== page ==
The NFL is forever hunting for starting offensive linemen. Teams will search high and low to to find offensive linemen who can be reliable starters. Obviously, the New York Giants are in the process of rebuilding their offensive line and are still looking for long-term answers at a few positions. The center position might be high on their priority list.
The rise of NC State left tackle Icky Ekwonu over the course of the 2021 season put a lot of eyes on the Wolfpack’s offensive line. That means scouts watching their tape also got a good look at center Grant Gibson, who has seemingly been a member of NC State’s team for a decade.
Let’s see why Gibson has a chance to be one of the first interior offensive linemen off the board in next April’s draft.
Grant Gibson (50)
OC, NC State, Graduate Student
(Grant is NC State center, number 50)
- Natural leverage.
- Highly experienced.
- Great competitive toughness.
- Good awareness, looks for work.
- Reliable pass protection.
- Good lateral agility and mobility.
- Understands half-man leverage.
- Good hand usage.
- Wide base in pass protection.
- Effective slide and zone blocker
- Non-contact knee injury (January 2021)
- Can be overwhelmed by power heads-up.
- Lacks lower-body power for downhill man-gap blocking.
- Base can narrow when run blocking.
Why is he a top prospect?
Grant Gibson is a compact, stocky, and experienced center prospect from North Carolina State University.
Gibson announced his decision to return to NC State as a graduate student following the 2021 season. He first arrived on campus in 2017, making this his sixth season with the program. He’s made 35 starts to date and should leave NC State with nearly 50 starts under his belt. Gibson is, predictably, very well regarded around the program. He was named a team captain in 2020 and 2021, received the “Heart of The Pack” award in 2021, and has received the team’s “Mike Hardy Award” each of the previous three years for his attitude and effort.
Gibson’s compact stature belies impressive athleticism on the field. He has very good quickness out of his stance and shows solid lateral agility in the opening instants of the play. He executes the center-quarterback exchange cleanly, and didn’t have any botched snaps in the tape viewed. Gibson is quick to get his hands up after snapping the ball and shows good hand usage throughout the play.
Gibson is a reliable pass protector with enough quickness and agility to mirror athletic interior rushers. He plays with a wide base and good arm extension in pass protection to maximize his leverage and length. Gibson is generally calm and unhurried as a pass protector, dealing well with stunts, twists, and blitzes. He has a solid understanding of leverages and angles as both a pass protector and run blocker. Gibson routinely takes half-man leverage against larger, more powerful defenders, allowing him to neutralize their size advantage. He uses his agility to gain position on defenders, deflecting pass rushers when he can’t stop them outright.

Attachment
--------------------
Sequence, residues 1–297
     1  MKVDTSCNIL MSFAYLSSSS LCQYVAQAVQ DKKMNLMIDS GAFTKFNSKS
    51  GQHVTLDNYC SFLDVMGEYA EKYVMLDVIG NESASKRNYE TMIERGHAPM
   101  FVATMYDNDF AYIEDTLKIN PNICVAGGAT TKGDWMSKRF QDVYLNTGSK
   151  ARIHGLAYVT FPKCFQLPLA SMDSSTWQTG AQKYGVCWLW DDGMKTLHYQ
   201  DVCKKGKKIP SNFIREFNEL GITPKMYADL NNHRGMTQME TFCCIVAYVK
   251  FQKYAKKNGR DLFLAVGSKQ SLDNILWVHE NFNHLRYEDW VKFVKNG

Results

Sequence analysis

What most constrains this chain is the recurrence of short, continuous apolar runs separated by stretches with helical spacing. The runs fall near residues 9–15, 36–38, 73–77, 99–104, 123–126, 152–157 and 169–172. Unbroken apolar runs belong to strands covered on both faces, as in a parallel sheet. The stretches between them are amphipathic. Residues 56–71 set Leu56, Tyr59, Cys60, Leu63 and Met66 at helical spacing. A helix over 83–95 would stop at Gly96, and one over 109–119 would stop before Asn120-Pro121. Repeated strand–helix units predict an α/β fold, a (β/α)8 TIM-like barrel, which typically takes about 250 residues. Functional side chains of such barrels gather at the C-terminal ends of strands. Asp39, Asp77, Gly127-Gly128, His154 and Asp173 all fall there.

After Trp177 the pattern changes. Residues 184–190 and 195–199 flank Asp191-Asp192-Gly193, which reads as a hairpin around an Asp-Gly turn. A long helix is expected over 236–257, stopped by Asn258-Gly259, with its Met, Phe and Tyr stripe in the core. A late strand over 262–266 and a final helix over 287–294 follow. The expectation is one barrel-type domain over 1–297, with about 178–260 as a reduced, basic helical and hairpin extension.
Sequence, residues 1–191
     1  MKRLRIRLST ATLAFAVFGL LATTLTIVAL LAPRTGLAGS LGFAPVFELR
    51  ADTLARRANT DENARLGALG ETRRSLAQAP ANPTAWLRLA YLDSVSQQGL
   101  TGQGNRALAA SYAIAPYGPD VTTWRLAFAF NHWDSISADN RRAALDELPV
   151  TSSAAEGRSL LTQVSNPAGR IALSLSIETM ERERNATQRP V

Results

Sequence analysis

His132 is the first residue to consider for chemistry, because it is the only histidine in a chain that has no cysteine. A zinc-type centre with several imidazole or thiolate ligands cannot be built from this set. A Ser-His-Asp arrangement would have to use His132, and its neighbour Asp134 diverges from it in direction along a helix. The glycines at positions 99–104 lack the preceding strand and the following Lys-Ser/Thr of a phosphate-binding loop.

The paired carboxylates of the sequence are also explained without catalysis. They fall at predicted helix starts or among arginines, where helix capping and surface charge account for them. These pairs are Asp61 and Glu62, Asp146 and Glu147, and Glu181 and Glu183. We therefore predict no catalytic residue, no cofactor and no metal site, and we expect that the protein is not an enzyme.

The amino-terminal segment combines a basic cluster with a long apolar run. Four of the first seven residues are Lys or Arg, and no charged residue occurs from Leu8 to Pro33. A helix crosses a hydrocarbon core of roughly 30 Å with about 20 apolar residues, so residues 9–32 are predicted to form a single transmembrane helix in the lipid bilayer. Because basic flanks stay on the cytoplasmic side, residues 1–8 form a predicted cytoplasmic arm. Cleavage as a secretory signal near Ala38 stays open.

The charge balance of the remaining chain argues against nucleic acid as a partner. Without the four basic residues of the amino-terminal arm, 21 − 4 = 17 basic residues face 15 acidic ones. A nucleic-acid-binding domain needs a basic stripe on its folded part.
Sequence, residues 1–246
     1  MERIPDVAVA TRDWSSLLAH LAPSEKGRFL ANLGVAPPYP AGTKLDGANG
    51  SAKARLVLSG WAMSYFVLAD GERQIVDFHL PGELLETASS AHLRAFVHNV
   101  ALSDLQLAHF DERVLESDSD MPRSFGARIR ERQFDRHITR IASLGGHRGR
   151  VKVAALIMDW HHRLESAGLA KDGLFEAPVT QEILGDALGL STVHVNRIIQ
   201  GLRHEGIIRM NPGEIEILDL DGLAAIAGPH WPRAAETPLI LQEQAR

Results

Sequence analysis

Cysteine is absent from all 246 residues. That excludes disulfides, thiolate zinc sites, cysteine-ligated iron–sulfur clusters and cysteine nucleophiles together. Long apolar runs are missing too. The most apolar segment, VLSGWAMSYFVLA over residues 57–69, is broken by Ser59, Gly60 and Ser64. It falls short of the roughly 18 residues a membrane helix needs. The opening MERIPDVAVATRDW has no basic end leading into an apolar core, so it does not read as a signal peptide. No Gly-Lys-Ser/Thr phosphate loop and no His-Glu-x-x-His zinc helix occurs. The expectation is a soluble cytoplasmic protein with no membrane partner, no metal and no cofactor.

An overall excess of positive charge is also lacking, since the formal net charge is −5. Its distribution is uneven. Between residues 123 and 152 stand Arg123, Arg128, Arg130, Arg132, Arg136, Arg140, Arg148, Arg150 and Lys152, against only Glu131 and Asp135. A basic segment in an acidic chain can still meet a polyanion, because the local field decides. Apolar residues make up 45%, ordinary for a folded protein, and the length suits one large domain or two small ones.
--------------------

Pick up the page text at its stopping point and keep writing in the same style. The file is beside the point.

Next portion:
Gibson’s athleticism and mobility makes him a natural fit in zone blocking schemes. He’s quick out of his stance and has plenty of foot speed to stay in phase and get the defense flowing. Likewise, he’s an effective pulling center, able to snap the ball and pull as far as the C or D gaps without issue. He is also effective climbing to the second level to block linebackers in space, or getting out in front of screen plays as a lead blocker.
Gibson plays with good competitive toughness, working to sustain his blocks for as long as possible and looks for work whenever possible. He has been relatively durable throughout his career at NC State, though he did suffer a non-contact knee injury in January of 2021 when celebrating a touchdown in the Gator Bowl. Tests showed no ligament damage and he was able to return to the field without issue, though teams will want to check for any potential future issues with the knee.
What does he need to improve for 2022?
Gibson is currently best suited for zone blocking schemes that rely on athleticism and intelligence in their offensive linemen. He will need to continue to build lower-body power to play in man-gap schemes at the NFL level. Gibson struggles against bigger, more powerful nose tackles in head-up situations. He can be overwhelmed by power rushers when he isn’t able to maintain leverage and use his athleticism to gain position on them. Likewise, he lacks the power to be a down-hill run blocker in one-on-one situations, though he still has utility as a puller in power oriented schemes. Gibson also has a tendency to allow his stance to narrow when blocking downhill, compromising his play strength and leverage.
Overall, Grant Gibson is a high-floor center prospect who brings athleticism, competitive toughness, experience, and a high football IQ to the position. If he isn’t able to show improved play strength in 2022, his stature and relative lack of power will likely limit his appeal across the league. That said, Gibson has the tools to be an attractive prospect for a team that values speed and agility in its blockers.
One game to watch
There isn’t much question that if you’re going to circle one NC State game it has to be their October 1st game against Clemson. While Clemson had a disappointing season in 2021, they still have a lot of talent on the defensive side of the ball. Clemson is particularly good on their defensive line, and that should be a great test for Gibson. A good performance against iDL Tyler Davis could be a big boost for Gibson’s draft stock.